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And all the while, we grappled with the fact that Mr. T didn't have much time. On the streets, most rats die before their first birthday. In captivity, many die by 3. Not long after he turned 2, Mr. T's once rapid pace slowed to a jog, then a waddle, and he began to sleep more solidly through the days. But he was determined to keep going. When, as I had often worried he might, he developed a tumor—it was as large as his head—we found a microsurgeon who removed it, and Mr. T sprinted across our living room the same day. When a spinal condition paralyzed his back legs, he adapted by pulling himself up and down the ramps with his front paws.

One night Mr. T began to struggle to breathe. This time the surgeon couldn't save him. Mr. T died in Colin's hands. We had him cremated, and held a small ceremony in which we scattered some of his ashes in the park behind our apartment building so he could rest near his family. We put the remainder of his ashes in an urn, which we placed beside a picture of him in our living room, and tried to adjust to the sad fact that we didn't get to be Mr. T's mom and dad anymore. But shortly after his passing, Colin and I became parents to a son, whom we named Louis T.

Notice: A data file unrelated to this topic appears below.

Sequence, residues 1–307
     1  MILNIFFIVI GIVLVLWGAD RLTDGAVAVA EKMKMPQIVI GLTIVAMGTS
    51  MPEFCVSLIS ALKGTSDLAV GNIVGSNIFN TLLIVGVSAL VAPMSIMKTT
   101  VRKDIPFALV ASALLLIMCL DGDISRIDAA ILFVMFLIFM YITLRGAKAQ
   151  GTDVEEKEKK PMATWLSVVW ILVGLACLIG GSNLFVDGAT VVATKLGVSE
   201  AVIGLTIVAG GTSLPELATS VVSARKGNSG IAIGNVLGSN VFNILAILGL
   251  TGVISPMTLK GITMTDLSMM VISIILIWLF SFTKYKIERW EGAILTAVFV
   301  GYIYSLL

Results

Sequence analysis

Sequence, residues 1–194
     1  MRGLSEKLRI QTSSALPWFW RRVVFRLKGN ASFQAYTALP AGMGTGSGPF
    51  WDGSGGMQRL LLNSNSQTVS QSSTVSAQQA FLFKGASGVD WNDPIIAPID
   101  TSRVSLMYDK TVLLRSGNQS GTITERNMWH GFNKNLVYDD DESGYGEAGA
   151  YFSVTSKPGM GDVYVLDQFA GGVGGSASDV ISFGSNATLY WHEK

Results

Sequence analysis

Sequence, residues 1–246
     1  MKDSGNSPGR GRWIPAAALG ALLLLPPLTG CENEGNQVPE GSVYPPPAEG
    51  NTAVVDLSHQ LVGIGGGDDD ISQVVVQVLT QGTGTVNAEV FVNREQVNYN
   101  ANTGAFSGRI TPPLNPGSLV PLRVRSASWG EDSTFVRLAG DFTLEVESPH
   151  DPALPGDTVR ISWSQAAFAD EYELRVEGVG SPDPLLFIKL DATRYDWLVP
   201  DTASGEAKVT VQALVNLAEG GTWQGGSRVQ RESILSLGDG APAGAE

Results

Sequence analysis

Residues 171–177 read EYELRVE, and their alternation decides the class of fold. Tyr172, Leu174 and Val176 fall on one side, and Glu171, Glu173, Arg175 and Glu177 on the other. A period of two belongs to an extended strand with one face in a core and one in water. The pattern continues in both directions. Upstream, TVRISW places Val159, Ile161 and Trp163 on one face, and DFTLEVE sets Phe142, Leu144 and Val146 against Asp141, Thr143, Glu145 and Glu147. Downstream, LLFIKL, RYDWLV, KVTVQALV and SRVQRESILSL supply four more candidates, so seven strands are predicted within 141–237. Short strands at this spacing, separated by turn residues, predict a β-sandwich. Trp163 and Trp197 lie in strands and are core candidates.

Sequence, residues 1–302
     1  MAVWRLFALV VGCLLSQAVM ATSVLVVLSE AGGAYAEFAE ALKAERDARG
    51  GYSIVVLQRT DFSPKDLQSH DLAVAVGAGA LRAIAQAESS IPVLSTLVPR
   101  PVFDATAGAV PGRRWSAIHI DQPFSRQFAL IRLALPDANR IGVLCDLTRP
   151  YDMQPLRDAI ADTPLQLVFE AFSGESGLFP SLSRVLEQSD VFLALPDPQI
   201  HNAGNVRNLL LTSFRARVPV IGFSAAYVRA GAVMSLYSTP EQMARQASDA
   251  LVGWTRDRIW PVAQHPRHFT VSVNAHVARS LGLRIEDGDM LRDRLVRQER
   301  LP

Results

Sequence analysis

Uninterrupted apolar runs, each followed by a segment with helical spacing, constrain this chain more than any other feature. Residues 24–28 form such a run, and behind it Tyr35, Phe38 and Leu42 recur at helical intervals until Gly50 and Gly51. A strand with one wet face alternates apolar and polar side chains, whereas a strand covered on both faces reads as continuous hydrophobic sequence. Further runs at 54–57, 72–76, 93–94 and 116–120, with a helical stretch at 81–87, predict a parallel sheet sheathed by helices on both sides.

A few years earlier, we had struggled to find even a spare hour in the day—but Mr. T taught us how to make room in our lives for the future we wanted, to be more empathetic, more patient. He taught us to love unconditionally. We'd found Mr. T in one of life's interstices, between dating and marriage, coupledom and parenthood. If it had been a dog or a cat slumped in our alleyway that night, there would be no story to tell. We would have brought the animal to a shelter. Knowing that nobody would do that for Mr. T made us bring him into our home, and doing so made all the difference.

Some of our friends and family just didn't get Mr. T. They never understood how we could love a rat. We never understood how, if you had the pleasure of meeting him, it was possible not to.

Alexandra Harney is the author of The China Price (Penguin) and an expert on economic issues in Asia. She lives in Hong Kong.

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